After breakfast the following morning we set off and found the other boat which was a family with two small boys (one was a Beaver) and we tied the boats together and set off. We had become a crew of 17 plus a dog and the two boys were ‘adopted’ by the scouts and well looked after with all helping at the locks.
Through the winding section at The Grove Park before stopping for lunch in Cassiobury Park, then onwards towards the boatyard for the final leg of our cruise.
With our added boat tied alongside, we were cruising the canal as a Barge and Butty (Powered boat and unpowered boat) in the same way as boaters did when canals were workplaces. Before they were powered, boats were towed by horses using a long rope pulling many tons of coal, ore and other goods. This is why the path alongside the canal is called a ‘towpath’ and evidence of this may be seen today at some bridges where an iron rail is fitted to the underside edges of the bridge to reduce rope wear – yet you can see deep grooves cut into the iron over the years by the action of grit laden ropes. Our progress was not fast because of our added load and we arrived back at the boatyard at about 6.30 to disembark and load the vehicles. Another final group photo before thanking our steerer for looking after us. Then we set off home after a brilliant couple of days cruising the Grand Union Canal. We travelled 9 miles and 15 locks each way and had two days of great fun doing something different, where everybody learnt something new. Several boys steered the boat and everybody did locks, made sandwiches, peeled and chopped spuds, did washing up, drying and putting away. Some caught their first ever fish, or discovered they liked tea, or managed to tie shoe laces for the first time. So many new experiences – We all said we were going to do this again…..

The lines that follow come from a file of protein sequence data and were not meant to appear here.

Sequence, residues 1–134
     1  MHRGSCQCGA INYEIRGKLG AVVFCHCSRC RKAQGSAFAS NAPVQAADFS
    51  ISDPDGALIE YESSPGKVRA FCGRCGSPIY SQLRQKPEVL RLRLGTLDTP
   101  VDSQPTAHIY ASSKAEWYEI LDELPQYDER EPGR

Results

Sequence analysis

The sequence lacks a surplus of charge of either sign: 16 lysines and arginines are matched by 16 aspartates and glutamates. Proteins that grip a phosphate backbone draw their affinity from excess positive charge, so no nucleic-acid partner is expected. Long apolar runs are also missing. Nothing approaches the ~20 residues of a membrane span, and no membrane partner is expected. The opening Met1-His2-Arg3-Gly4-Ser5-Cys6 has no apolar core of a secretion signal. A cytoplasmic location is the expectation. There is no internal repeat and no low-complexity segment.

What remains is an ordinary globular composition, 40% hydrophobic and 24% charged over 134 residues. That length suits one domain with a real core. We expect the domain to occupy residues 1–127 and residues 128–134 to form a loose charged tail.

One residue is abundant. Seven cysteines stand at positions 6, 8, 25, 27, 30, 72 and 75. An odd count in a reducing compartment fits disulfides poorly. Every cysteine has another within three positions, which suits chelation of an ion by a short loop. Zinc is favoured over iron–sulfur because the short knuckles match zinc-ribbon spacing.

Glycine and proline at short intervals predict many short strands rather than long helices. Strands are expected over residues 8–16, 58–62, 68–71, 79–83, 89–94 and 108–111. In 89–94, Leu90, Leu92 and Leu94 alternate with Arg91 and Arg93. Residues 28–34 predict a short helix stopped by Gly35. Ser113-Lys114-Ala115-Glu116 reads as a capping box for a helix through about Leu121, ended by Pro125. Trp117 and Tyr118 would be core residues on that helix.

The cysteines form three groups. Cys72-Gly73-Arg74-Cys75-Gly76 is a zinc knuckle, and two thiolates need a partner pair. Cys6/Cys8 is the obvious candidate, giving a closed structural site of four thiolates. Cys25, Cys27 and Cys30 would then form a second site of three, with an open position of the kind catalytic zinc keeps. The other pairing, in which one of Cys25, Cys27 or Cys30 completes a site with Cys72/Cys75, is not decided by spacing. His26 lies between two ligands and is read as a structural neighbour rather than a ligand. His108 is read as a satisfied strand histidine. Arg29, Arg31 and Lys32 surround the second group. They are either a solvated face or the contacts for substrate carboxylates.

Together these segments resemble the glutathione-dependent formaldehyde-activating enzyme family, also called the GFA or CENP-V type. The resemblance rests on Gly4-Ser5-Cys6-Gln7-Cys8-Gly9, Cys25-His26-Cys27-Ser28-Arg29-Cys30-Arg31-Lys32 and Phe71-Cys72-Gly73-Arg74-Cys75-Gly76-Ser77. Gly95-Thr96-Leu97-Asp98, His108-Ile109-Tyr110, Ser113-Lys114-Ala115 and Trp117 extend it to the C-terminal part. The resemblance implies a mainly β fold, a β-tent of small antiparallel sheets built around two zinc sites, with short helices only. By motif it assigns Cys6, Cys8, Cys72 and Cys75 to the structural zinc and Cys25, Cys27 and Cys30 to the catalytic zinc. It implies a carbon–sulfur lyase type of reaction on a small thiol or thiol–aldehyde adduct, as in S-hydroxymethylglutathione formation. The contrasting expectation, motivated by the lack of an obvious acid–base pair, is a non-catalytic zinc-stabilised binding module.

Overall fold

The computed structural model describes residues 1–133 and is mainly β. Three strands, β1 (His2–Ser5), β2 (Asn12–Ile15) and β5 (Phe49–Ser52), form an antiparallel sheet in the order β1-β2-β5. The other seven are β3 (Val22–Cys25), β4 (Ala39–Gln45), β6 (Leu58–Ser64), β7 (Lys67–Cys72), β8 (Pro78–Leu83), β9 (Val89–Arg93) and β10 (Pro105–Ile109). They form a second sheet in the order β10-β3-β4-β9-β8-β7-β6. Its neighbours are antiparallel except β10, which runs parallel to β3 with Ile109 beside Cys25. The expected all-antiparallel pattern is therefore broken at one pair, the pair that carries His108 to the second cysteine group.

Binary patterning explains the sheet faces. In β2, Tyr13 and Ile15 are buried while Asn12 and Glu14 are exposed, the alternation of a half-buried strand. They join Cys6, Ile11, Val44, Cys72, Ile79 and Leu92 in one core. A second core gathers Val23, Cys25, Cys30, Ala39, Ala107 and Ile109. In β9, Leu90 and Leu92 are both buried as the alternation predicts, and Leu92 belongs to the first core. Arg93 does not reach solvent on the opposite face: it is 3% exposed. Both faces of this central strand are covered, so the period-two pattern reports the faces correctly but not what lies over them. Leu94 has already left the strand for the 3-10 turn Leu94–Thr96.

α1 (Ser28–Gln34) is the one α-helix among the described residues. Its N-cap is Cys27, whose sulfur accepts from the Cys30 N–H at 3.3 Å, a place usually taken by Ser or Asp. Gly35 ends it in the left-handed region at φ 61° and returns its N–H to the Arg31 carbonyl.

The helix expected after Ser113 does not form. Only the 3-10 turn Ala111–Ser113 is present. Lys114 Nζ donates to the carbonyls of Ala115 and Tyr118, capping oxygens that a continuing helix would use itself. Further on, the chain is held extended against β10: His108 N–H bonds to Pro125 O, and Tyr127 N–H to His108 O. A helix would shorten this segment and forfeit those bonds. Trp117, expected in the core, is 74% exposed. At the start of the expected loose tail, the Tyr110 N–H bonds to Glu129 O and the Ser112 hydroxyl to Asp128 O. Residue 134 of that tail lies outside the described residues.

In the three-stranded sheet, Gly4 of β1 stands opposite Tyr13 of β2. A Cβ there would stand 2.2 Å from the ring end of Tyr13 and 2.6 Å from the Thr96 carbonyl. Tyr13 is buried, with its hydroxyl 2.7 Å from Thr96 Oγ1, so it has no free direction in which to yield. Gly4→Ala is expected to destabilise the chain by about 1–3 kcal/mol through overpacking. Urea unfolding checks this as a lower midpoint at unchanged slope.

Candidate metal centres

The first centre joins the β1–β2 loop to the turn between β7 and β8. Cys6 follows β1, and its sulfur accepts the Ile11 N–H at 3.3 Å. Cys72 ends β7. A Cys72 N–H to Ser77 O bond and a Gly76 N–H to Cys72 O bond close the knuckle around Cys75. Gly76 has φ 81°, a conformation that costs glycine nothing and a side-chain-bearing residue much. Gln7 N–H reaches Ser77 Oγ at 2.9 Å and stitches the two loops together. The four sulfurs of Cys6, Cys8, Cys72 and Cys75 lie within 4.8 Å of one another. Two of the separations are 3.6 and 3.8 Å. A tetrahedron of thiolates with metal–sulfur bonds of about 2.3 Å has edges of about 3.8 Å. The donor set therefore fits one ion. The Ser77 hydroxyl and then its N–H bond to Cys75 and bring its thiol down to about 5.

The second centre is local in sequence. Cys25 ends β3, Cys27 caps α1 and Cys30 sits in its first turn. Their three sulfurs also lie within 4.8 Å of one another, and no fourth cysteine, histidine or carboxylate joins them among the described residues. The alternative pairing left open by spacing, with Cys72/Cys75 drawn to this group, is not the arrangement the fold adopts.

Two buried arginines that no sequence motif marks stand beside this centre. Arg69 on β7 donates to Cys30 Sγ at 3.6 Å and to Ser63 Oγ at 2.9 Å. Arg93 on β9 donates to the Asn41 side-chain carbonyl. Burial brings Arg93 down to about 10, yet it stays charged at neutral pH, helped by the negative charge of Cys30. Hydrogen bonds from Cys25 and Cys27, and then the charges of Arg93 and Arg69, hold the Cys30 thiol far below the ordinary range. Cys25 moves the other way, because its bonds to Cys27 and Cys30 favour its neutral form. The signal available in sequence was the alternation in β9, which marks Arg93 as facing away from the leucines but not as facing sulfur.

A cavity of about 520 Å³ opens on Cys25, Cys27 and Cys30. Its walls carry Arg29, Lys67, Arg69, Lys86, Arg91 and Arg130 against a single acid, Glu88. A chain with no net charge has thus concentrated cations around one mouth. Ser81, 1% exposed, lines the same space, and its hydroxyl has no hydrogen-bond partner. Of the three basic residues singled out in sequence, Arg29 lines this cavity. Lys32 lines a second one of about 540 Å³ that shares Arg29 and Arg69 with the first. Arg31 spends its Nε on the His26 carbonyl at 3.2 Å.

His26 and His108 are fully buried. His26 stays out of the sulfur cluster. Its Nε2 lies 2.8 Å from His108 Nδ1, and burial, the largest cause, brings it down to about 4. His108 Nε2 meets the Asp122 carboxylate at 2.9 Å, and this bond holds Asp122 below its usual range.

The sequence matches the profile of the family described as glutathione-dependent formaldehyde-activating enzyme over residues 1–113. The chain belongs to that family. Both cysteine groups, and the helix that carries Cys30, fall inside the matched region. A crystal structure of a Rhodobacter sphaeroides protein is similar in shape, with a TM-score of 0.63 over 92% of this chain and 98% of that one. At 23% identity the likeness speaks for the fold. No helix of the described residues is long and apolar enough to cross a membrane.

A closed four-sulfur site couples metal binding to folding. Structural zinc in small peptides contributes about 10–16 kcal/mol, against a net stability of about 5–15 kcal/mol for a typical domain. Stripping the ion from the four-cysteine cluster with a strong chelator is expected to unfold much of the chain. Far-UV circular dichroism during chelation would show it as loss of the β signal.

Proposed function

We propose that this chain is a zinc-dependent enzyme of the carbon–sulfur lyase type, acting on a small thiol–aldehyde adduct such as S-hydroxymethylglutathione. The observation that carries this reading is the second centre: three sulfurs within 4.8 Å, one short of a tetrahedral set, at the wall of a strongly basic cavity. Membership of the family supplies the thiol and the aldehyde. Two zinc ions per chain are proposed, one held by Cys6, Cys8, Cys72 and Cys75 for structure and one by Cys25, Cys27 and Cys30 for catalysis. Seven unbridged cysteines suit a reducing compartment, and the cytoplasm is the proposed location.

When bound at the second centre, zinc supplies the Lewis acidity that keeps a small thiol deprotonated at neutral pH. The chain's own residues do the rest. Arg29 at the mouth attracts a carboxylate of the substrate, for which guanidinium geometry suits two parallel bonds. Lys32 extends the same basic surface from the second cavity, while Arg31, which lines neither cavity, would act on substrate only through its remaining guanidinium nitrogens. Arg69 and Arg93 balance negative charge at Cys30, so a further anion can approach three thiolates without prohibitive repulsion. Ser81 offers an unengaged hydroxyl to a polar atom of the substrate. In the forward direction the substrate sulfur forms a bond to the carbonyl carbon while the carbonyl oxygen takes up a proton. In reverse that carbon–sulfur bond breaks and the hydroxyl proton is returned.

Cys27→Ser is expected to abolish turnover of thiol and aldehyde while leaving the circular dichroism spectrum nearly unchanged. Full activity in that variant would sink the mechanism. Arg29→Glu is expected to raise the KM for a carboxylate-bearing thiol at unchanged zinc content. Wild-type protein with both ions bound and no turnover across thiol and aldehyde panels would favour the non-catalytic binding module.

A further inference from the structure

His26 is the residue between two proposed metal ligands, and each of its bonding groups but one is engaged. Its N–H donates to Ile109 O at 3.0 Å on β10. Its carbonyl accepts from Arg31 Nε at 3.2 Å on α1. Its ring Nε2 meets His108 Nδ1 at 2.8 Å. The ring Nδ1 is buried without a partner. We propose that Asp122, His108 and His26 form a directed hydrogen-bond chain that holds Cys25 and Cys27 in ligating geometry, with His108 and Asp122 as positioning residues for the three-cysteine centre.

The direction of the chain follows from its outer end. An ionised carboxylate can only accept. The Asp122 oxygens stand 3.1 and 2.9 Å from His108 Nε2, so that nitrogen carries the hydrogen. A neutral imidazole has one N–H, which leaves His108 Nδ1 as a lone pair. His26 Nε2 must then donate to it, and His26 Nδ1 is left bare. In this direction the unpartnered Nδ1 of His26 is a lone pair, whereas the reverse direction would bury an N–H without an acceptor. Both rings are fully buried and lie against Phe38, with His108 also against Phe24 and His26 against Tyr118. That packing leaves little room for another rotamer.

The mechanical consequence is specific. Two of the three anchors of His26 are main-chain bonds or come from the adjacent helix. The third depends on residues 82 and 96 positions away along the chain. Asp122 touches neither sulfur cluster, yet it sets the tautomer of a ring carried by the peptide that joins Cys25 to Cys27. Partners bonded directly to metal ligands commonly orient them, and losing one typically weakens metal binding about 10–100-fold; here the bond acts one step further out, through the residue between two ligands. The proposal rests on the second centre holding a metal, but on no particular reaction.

Keith Welsh – 7th Camberley